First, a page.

They were, Vincent realised, his subjects, his specimens: he studied them in precisely the way they studied Jenova. He used precisely the same set of skills he did when studying a mark, a target; but his intentions here were not to kill, only to know. He was a scientist.
A mood descended. Perhaps the tendency to study from a distance was genetic; it seemed so many things were these days.
In atonement, Vincent played cards with Hojo at the inn until the early hours of the morning, mirroring the scientist's insults in a way that seemed to delight the man; he responded to Ifalna's flirtation sufficiently to earn her contempt; he turned his fear of Lucrecia into overt concern for her silences, which responded with an unexpected return of what was a very biting sense of humour; and he accepted Gast's continual invitations to lunch.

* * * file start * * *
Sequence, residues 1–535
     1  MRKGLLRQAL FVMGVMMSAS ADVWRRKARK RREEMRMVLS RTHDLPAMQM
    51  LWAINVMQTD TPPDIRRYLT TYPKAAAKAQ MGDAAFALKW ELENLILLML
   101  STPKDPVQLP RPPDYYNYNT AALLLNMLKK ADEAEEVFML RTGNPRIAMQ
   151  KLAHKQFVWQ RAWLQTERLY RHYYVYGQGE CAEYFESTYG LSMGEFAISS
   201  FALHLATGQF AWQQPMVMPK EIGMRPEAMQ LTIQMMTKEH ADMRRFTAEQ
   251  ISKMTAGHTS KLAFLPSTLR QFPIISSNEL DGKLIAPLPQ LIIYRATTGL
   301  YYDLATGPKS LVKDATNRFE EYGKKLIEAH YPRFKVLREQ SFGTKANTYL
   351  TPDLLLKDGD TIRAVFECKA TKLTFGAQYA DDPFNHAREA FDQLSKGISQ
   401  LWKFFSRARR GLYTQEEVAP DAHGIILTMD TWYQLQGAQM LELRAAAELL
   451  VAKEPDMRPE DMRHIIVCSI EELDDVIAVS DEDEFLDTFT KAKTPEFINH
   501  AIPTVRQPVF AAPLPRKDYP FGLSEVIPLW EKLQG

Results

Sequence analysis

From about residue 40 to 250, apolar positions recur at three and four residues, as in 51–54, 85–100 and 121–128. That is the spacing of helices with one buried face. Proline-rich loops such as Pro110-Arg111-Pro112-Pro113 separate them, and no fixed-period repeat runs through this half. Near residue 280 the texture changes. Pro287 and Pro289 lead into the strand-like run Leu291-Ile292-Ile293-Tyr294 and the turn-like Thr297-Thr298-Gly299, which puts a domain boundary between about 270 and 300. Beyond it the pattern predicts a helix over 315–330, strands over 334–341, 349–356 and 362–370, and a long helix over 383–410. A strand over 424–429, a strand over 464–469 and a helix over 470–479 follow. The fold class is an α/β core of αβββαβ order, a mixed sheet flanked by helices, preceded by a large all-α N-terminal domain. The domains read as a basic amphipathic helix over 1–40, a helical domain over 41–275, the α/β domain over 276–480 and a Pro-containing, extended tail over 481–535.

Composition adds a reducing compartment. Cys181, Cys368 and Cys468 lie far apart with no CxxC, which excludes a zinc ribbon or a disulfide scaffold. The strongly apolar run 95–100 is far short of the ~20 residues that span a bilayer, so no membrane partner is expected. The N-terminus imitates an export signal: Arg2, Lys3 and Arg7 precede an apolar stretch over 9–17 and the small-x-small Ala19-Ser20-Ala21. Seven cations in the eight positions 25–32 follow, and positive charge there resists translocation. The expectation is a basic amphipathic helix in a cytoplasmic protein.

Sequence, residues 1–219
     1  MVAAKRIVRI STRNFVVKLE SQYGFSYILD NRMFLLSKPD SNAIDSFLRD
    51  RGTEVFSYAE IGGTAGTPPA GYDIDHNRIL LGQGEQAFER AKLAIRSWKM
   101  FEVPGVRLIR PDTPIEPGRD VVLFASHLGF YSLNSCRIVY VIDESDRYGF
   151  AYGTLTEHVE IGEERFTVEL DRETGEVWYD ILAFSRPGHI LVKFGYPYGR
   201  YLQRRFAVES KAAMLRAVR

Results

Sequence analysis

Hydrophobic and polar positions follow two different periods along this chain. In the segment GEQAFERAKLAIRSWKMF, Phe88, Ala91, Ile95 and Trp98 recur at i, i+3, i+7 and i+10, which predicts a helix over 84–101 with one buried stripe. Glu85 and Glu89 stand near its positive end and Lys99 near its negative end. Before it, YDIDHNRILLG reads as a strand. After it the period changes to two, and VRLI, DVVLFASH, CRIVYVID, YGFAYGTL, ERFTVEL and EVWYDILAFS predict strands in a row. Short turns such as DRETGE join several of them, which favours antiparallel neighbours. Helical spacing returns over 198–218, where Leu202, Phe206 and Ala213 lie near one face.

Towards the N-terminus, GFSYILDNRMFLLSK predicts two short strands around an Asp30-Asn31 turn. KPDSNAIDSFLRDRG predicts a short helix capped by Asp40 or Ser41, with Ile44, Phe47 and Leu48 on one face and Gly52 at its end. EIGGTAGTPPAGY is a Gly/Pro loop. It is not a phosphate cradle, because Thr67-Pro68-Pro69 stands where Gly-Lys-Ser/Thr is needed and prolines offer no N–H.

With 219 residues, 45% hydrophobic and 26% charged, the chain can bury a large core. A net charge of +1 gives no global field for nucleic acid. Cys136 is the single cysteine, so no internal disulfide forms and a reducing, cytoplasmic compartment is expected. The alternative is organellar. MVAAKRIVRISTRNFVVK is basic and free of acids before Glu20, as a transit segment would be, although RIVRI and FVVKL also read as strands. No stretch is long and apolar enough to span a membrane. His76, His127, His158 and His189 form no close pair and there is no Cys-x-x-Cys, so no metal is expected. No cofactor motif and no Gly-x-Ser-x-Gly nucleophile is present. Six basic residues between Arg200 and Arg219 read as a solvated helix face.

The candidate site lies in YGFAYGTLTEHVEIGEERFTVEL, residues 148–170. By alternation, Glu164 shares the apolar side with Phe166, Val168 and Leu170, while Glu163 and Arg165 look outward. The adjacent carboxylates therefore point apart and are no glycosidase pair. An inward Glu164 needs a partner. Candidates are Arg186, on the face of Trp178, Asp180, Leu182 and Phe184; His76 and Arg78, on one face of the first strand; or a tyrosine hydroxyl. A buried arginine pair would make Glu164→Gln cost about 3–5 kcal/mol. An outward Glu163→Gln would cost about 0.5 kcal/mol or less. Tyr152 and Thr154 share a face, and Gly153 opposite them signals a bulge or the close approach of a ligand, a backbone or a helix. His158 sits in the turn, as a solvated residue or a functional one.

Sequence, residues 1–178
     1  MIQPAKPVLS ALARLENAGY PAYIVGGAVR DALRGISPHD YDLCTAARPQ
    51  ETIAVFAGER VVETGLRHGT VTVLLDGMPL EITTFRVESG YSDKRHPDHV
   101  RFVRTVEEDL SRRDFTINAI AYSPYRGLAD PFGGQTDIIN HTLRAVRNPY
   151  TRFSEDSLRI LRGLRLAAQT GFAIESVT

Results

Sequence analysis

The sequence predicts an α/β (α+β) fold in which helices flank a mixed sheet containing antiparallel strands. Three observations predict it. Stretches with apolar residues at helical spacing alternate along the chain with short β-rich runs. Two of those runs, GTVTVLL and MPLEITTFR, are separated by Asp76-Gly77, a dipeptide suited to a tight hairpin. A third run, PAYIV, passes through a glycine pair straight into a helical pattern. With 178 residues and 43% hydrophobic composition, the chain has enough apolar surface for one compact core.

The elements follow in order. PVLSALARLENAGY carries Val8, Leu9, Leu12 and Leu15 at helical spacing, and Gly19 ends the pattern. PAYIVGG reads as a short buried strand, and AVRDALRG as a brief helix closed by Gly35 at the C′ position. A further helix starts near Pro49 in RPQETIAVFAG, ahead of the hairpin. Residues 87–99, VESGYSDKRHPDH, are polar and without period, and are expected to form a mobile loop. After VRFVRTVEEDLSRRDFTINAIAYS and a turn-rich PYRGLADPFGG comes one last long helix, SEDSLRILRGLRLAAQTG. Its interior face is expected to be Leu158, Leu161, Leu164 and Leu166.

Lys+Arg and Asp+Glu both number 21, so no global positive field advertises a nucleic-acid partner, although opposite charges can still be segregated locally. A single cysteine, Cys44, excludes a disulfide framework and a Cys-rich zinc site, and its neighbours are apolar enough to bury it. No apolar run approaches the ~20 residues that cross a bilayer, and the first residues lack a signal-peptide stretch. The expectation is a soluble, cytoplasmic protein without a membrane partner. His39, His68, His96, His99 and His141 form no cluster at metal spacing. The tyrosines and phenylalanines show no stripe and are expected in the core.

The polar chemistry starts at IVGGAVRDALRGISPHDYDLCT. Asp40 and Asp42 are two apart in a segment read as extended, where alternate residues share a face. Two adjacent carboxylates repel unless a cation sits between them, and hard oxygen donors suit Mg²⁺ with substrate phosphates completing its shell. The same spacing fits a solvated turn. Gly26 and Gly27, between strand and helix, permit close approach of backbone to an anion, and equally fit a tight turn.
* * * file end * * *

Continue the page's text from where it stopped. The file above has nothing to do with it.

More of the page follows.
Over lunch, Gast divulged all his personal frustrations unto Vincent's attentive (and atoning) ears, until Vincent thought he could not bear it any longer.
One word which Gast continually referenced, unnoticed, was salvation, until the very phrase rattled around all the vast spaces inside Vincent's skull.